Fluorescein angiogram 4 minutes after injection of Fluorescein angiogram 4 minutes after injection of dye on 67-year-old woman showing pigment epithelial detachments.
A later frame of the angiogram demonstrating the a A later frame of the angiogram demonstrating the absence of dye leakage outside the lesion, with staining of the areas of atrophy (window defects) in the macular region.

Indocyanine green (ICG) angiography uses ICG, which is a water-soluble tricarbocyanine dye, rather than fluorescein. ICG is almost completely protein-bound and is retained in the choroidal circulation after intravenous injection, making it useful for imaging choroidal circulation.

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Imaging Studies

Dry age-related macular degeneration (AMD or ARMD) is followed best by accurate fundus photography, images of which are shown below.

A normal-appearing macula of the left eye. Note th A normal-appearing macula of the left eye. Note the even pigmentation of the retinal pigment epithelium and the absence of any yellow excrescences (drusen) in the fovea. The optic nerve has unrelated changes.
Moderate nonexudative age-related macular degenera Moderate nonexudative age-related macular degeneration is shown with the presence of drusen (yellow deposits) in the macular region.
A more advanced case of nonexudative age-related m A more advanced case of nonexudative age-related macular degeneration (ARMD). This image shows drusen that are larger, more confluent, and soft. Soft drusen are defined as drusen that have indistinct borders. Such drusen are more likely to convert to wet ARMD. A few areas of atrophy are noted, where the retinal pigment epithelium (RPE) has lost pigmentation. The retinal cells overlying atrophic RPE are generally nonfunctional and result in a scotoma.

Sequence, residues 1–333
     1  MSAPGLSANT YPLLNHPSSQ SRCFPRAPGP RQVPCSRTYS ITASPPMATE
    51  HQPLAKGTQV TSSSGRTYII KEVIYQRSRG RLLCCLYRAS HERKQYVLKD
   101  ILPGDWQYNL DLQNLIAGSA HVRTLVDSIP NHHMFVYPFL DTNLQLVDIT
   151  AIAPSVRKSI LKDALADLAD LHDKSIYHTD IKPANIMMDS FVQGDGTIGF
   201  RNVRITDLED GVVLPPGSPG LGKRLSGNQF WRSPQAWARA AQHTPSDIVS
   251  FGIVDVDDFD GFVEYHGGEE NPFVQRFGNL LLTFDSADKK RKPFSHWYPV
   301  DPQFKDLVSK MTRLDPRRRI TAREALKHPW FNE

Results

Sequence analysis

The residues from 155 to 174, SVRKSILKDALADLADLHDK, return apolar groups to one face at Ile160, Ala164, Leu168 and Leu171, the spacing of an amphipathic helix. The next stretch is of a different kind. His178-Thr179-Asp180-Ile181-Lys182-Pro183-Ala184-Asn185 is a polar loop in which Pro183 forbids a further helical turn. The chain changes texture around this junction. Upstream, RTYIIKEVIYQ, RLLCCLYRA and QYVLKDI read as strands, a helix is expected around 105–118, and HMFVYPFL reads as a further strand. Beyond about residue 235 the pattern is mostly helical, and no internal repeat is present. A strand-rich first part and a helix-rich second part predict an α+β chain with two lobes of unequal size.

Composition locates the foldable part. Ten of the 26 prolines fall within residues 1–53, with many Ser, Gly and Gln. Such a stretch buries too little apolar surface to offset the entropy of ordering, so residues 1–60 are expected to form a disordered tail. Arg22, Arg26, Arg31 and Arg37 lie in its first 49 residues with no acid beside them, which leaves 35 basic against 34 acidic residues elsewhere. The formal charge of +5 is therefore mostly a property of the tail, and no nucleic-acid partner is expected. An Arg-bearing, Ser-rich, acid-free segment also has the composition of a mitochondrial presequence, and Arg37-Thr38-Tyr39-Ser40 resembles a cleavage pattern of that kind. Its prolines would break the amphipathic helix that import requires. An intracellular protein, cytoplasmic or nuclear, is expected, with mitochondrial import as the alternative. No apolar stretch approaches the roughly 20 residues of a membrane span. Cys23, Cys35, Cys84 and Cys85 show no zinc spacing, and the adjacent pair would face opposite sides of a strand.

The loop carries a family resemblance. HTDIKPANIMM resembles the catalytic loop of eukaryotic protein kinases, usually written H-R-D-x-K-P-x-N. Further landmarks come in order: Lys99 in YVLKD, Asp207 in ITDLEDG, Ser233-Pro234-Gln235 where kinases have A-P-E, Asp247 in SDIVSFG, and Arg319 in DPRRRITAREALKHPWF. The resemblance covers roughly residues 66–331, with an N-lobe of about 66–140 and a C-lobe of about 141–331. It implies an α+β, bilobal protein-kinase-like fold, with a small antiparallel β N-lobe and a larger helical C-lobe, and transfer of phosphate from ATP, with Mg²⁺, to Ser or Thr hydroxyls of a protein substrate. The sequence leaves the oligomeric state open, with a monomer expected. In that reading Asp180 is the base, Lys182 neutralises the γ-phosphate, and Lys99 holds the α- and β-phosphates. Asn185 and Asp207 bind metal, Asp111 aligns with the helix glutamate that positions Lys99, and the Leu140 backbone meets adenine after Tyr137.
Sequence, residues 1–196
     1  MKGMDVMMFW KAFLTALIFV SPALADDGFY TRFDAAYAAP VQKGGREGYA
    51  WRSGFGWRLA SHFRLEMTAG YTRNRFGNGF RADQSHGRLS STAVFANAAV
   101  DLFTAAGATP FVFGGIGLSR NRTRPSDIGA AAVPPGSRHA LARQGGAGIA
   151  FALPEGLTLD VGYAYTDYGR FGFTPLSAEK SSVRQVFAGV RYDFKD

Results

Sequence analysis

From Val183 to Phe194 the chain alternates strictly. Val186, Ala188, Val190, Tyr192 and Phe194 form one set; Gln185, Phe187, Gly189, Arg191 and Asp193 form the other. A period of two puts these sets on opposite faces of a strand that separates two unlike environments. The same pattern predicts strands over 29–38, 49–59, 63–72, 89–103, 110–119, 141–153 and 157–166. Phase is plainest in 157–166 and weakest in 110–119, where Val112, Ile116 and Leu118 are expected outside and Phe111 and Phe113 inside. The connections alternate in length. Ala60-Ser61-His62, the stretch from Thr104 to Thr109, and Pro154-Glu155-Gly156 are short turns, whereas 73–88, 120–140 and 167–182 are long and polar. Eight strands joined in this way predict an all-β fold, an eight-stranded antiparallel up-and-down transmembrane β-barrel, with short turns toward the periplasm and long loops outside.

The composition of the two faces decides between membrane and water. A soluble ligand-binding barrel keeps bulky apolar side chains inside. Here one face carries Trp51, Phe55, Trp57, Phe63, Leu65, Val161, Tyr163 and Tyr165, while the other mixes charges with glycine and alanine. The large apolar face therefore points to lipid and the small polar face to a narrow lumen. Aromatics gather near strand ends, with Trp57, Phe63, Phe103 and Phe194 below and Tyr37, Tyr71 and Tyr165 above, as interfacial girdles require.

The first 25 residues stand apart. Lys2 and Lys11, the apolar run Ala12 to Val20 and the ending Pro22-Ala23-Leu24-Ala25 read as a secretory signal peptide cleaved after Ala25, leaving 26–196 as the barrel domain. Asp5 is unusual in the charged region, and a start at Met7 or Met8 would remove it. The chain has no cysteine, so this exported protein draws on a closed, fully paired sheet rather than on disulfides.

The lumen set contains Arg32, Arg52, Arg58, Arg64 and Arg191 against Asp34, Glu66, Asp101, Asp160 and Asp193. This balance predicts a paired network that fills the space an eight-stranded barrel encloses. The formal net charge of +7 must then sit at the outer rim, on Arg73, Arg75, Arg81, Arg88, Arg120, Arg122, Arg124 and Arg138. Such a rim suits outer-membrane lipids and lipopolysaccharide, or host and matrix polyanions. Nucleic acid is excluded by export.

A more advanced case of dry age-related macular de A more advanced case of dry age-related macular degeneration. Several areas of atrophy are present, as are areas of significant pigment mottling in the macula. The large drusen inferior to fixation are poorly distinguished from each other.
Fundus photo showing drusen in a 67-year-old woman Fundus photo showing drusen in a 67-year-old woman with dry age-related macular degeneration.

Performing tests (eg, fluorescein angiography) on a routine basis is not necessary.

The physician is sometimes at a quandary when a patient describes loss of vision or new onset of metamorphopsia. The patient sometimes notes such changes as geographic atrophy (GA) progresses; unfortunately, it is almost impossible to discern these symptoms from the symptoms that occur when neovascularization has occurred. Therefore, a patient with a new onset of metamorphopsia or a sudden decrease in vision may require a fluorescein angiogram to distinguish exudative AMD versus the indeterminable progression of GA.